The Japanese have a way of saying one thing and doing another. It will take time to understand them.


March 12, 1942

It is getting harder day by day. No matter what the Japanese say they cannot remove the “victor” complex out of their minds. In their relations with the Filipino employees in the office, they treat the Filipinos as “conquered” people, not as “liberated brothers.”

Paez resigned today. His resignation is effective tomorrow. I wish I could retire too.


March 11, 1942

Walked in the garden. Watched the blue heavens. I love the night, especially dark nights. It detaches you from the world. Makes you forget yourself and all your cares. And somehow you look upward, and the longer you gaze, the more you realize you don’t belong here. The mystery of life becomes clearer and clearer. Beyond the stars, you see the answer.

In the darkness, man sees the light.


March 10, 1942

Ferrer released. Was badly manhandled.

Mateo Borja and Isias Pacheco arrived this morning after surveying the Bicol region. Reported: a good harvest in Camarines Sur, around 2,000,000 cavans of palay. Price: ₱2.00—₱2.20. In Albay, the NARIC branch was looted. ₱400 was stolen from the safe. But a balance of ₱8,000 remains in the Legaspi branch of the Philippine National Bank.

Charlie Hollman arrived from Calumpit. Said several girls were abused. Part of his clothes were looted. Some soldiers took a fancy to his shirts. One officer took his car (and) gave him a receipt in Japanese scrawl.

Java has fallen after nine days of fighting. Bataan still holds. I am proud of our boys.

Vargas cannot help Pagu. Expressed his regrets. Nobody may interfere with the Military Police. The Japanese themselves are afraid.

On my way home, saw them looking out of their windows, as they were. Noticed men gazing and giggling. The women passing by refused to look. There was a pretty one.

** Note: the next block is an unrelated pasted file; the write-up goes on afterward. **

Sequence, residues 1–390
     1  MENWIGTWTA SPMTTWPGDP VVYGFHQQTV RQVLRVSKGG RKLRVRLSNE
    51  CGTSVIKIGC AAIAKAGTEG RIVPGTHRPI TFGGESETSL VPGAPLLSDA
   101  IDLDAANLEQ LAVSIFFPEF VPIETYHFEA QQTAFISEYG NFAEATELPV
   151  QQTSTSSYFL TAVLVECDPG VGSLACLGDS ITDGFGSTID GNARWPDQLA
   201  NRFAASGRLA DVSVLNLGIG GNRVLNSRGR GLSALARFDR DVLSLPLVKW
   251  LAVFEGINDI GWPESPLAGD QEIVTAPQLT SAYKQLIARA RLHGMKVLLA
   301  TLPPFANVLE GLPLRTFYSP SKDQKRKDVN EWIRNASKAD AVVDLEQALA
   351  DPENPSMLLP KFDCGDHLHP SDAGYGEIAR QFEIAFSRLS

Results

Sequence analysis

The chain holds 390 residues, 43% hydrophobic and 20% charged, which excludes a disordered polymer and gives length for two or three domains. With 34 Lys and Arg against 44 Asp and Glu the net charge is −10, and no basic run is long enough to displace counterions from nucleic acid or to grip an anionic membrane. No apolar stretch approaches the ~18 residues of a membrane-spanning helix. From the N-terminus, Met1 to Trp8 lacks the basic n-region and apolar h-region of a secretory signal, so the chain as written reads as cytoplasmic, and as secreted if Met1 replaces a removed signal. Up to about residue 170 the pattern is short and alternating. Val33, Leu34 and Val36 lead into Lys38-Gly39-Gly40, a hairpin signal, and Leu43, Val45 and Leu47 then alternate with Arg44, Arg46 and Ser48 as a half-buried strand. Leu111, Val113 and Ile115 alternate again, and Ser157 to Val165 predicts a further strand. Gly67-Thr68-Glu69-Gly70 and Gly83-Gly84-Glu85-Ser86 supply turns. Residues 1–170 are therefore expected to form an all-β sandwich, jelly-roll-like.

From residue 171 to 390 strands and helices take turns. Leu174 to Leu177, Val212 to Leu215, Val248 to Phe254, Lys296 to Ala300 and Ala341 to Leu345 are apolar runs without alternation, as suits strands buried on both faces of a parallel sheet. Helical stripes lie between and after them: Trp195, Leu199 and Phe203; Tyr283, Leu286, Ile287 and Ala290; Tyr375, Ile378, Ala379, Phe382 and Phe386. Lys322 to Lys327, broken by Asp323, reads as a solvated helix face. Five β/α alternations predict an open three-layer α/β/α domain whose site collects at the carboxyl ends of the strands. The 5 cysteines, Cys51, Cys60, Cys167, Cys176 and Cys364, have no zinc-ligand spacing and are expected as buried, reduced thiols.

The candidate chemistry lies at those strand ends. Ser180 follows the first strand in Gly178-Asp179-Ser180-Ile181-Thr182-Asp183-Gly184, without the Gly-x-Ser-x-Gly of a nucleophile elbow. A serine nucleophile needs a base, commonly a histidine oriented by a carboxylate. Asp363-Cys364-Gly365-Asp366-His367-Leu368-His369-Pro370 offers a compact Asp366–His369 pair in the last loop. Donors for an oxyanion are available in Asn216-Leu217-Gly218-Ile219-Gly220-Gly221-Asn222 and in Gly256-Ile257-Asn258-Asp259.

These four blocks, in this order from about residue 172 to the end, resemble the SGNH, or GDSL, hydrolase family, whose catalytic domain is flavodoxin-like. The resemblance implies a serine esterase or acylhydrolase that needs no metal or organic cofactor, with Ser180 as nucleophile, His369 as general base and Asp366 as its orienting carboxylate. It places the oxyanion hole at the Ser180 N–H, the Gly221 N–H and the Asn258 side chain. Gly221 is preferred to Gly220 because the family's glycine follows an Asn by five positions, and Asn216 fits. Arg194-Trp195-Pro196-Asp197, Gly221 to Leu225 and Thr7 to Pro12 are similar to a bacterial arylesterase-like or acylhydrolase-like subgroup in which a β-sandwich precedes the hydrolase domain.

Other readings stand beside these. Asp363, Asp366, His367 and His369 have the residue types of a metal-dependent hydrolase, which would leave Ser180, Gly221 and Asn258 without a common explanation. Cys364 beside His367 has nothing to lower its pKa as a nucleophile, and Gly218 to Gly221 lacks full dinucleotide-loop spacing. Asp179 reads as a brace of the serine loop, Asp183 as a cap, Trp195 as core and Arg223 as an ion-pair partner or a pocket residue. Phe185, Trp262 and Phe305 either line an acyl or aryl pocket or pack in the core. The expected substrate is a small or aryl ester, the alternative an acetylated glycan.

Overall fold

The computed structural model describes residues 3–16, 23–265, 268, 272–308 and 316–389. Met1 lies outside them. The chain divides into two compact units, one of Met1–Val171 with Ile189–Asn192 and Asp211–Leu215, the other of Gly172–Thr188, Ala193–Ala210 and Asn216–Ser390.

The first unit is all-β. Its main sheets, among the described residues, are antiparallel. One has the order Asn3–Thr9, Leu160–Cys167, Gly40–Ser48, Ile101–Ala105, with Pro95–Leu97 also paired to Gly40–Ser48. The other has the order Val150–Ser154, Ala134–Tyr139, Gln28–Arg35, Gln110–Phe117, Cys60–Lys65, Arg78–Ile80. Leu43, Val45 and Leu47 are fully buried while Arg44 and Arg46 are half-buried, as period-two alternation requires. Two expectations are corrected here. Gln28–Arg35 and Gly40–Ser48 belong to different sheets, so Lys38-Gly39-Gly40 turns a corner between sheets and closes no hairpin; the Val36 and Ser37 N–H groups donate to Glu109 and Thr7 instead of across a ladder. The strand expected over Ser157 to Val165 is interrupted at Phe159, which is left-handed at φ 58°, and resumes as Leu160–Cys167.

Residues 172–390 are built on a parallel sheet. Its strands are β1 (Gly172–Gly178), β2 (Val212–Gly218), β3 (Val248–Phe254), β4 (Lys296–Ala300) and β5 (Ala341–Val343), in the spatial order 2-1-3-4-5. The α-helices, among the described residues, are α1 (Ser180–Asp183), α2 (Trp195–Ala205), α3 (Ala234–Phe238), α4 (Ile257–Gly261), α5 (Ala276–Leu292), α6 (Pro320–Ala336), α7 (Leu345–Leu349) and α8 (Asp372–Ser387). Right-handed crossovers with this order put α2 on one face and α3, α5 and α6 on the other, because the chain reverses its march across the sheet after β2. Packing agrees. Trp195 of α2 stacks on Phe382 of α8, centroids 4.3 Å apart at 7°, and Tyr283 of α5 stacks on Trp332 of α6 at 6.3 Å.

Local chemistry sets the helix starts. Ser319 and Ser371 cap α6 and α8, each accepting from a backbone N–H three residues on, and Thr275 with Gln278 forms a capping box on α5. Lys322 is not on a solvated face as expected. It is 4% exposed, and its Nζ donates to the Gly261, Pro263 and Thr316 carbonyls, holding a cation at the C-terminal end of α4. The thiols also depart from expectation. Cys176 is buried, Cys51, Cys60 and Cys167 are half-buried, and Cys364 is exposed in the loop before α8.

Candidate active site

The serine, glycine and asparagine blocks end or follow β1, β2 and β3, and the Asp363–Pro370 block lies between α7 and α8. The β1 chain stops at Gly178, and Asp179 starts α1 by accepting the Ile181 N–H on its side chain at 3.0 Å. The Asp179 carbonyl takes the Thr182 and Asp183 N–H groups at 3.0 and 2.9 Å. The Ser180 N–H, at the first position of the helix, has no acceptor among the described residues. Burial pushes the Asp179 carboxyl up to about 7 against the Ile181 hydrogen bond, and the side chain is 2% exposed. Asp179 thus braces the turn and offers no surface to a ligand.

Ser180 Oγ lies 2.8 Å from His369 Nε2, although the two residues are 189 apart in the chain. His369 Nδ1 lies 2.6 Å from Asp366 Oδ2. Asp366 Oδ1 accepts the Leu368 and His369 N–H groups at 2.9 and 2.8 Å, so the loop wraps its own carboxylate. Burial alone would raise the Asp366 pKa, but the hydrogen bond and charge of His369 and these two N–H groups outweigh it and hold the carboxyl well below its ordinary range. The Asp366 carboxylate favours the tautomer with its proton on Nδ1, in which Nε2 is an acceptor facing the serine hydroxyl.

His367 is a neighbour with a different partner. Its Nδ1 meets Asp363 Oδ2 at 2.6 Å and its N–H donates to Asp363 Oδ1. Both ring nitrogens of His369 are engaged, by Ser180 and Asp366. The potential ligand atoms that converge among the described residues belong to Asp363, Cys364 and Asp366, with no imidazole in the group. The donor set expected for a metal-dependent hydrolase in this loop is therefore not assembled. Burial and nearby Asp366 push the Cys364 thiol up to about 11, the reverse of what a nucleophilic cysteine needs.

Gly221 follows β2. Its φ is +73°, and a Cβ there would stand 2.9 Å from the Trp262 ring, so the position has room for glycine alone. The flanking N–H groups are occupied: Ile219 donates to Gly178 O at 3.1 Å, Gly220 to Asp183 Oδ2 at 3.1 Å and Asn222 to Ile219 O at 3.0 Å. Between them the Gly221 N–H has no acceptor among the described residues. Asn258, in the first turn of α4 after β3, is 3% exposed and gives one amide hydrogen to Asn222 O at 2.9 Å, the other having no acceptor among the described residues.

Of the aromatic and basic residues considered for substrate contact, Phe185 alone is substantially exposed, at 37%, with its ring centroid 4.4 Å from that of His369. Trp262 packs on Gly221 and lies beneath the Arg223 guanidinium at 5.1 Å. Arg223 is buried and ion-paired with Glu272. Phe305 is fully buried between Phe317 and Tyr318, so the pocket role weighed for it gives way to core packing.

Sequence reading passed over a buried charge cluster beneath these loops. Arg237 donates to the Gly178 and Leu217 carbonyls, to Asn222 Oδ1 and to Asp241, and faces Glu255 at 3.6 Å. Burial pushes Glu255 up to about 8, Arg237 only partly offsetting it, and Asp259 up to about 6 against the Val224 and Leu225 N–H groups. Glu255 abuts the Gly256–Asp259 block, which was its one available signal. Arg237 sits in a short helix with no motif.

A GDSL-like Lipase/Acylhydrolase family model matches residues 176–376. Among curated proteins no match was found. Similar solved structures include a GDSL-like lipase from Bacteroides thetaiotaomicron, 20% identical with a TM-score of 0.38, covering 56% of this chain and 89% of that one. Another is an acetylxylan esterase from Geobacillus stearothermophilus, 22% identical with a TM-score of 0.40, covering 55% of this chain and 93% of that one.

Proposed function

Distance and carelessness lend enchantment to the view.


March 9, 1942

Paez may resign. Melo and Abes have left already. With Pagu in Fort Santiago, I will be left alone. And it is especially now that we should stick together. Oliveros is trying his best to fill Pagu’s job. Tanco is quite a help, for he gets along with the Japanese. We have a very important task. Yes, there are a lot of difficulties and unpleasantness. But we have to sacrifice personal preference for public service. Even if under the present set-up, only the crumbs that fall from the Japanese table go to the Filipinos, we’ve got to help gather and collect and equitably [distribute] those crumbs, if we don’t want to see our men, women and children starve. Of course, most people, and even high government officials, don’t give much weight to prognostications of shortage and possible hunger these days. They do not see beyond the bowl of rice on their tables. But our rice supply is not an everlasting, never-ending source. The rice in our bodegas is fast being consumed. Importation is not in our hands. And if we don’t pull together and do something about procuring the rice in our fields, it will rot and before we know it, the price of rice will sky-rocket. Then we shall wake up, get excited and alarmed, and vainly search for rice. Some, of course, will have rice stocked in their houses. But many others will have none. And it will be the same old story of the “have-nots” fighting the “haves.” Blood will surely flow and…

Oh well I hope I’m wrong.